Salsify Engineering Blog

Active Record Migrations on Tables Leveraging STI

PSA: Active Record Migrations in Tables Leveraging Single Table Inheritance

I wanted to share a bit of information that we found interesting when writing active record migrations on tables leveraging STI (Single Table Inheritance). We came across a not so obvious gotcha with STI models re-defined in migration classes and wanted to explore our thought process while solving the subsequent problems.

We want to update a column(meets_requirements) in a STI table based on some conditional business logic in typed sub-models. The inheritance relationship in our existing export models is determined by the type of entity they export (e.g. ProductExport, DigitalAssetExport, etc.). Our definition of minimum requirements has changed and we would like to update all of our product exports to ensure they are correctly flagged. Please note that the following example has been simplified to illustrate a point and is not intended to exemplify the best method for achieving the following type of migration:

So far it looks as if we are following migration best practices by redefining any models we attempt to use, performing a single atomic transaction, etc. However, when this migration was run, it failed! The error message read:

How can this be? The method meets_all_requirements? is defined on the ProductExport model. However, you may notice that the error message is telling us exactly what is happening. Our migration is running with an instance of ProductExport, not MarkProductExportsWhichMeetAllRequirements::ProductExport. Hmm, that is strange. In an effort to quickly resolve the issue we try to push all of the logic down into the Export model and use a where clause to fetch ProductExports:

Once again, we are greeted with the NoMethodError exception. Hmm. After a bit of head scratching, we realize that Rails is using it’s STI magic to instantiate an instance of ProductExport, stealthily thwarting our attempt to use our redefined models. The solution is simple, we need to explicitly tell Rails to ignore the inheritance column and instantiate an instance of our redefined Export model.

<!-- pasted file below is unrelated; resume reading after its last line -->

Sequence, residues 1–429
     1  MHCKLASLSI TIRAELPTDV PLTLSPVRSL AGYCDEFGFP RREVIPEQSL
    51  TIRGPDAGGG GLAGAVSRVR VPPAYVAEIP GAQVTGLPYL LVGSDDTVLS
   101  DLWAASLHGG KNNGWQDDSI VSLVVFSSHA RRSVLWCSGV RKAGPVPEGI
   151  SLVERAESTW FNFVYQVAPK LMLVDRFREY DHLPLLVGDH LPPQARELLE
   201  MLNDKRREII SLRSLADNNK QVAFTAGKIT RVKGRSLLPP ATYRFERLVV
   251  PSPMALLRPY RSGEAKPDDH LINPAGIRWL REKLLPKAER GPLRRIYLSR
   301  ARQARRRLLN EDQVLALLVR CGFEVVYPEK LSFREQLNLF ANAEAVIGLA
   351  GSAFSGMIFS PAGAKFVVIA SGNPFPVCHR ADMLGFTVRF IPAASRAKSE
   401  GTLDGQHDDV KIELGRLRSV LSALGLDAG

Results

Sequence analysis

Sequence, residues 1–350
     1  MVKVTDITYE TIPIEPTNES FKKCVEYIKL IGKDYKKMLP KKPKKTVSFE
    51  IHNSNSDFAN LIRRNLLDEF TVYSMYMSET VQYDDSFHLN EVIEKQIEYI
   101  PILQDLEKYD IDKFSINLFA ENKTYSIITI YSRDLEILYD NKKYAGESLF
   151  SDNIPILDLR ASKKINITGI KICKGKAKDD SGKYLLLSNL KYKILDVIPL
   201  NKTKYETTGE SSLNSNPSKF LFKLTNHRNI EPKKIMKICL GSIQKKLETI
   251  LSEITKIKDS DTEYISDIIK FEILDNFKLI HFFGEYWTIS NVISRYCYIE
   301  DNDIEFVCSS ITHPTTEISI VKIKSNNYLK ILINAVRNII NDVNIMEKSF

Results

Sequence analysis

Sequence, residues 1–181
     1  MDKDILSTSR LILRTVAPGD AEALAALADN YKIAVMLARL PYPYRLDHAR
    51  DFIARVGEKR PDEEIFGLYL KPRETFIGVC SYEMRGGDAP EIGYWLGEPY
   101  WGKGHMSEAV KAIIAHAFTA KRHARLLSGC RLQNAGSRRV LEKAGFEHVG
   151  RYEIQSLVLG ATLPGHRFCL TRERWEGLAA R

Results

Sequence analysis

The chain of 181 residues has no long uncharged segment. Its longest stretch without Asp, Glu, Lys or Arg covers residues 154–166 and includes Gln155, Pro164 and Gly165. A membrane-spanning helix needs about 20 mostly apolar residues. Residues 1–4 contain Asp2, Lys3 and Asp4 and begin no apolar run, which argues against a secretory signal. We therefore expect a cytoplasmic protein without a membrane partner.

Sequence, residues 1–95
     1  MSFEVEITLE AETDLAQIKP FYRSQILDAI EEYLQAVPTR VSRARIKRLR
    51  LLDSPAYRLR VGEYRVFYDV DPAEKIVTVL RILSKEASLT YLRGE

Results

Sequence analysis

Voilà! Just like that, the migration is successful and everyone is happy. A simple change that may not seem obvious at first, but makes a lot of sense once you think about it. This type of gotcha would have probably slipped through the cracks had we been referencing an existing method on ProductExport and we would have ended up with a migration that had an external model dependency. We thought we’d share this information to help you avoid running into similar issues when performing migrations of your own on STI models.

Thanks for following along on this journey through Active Record Migrations. We’d love to hear about any stories/solutions you have come across while performing similar tasks.

  • http://amolnpujari.wordpress.com/ amolpujari

    You must be having your models(/app/models) named using same names as “Export”, and “ProductExport”. Wouldn’t they get loaded before execution of this method `up`? And then you are opening them over here in migration.

    • Randy Burkes

      Hey @amolpujari:disqus thanks for reading. Rails will actually look to use any classes defined in the scope of the migration before falling back on externally defined (/app/models) classes (This is no different than the standard runtime class resolution in ruby). This behavior is desirable in migrations, as referencing models defined in /app/models can be problematic in some cases.

      Furthermore, when querying tables using STI, rails will instantiate the class based of the value stored in the configured inheritance column. Since the value stored in the inheritance column is `ProductExport’ not `MigrateProductExportsWhichMeetAllRequirements::ProductExport’ our redefined class will never be used. Telling rails to ignore the inheritance_column for a table effectively forces it to behave as if it were not using STI, allowing the model defined in the migration class to be used.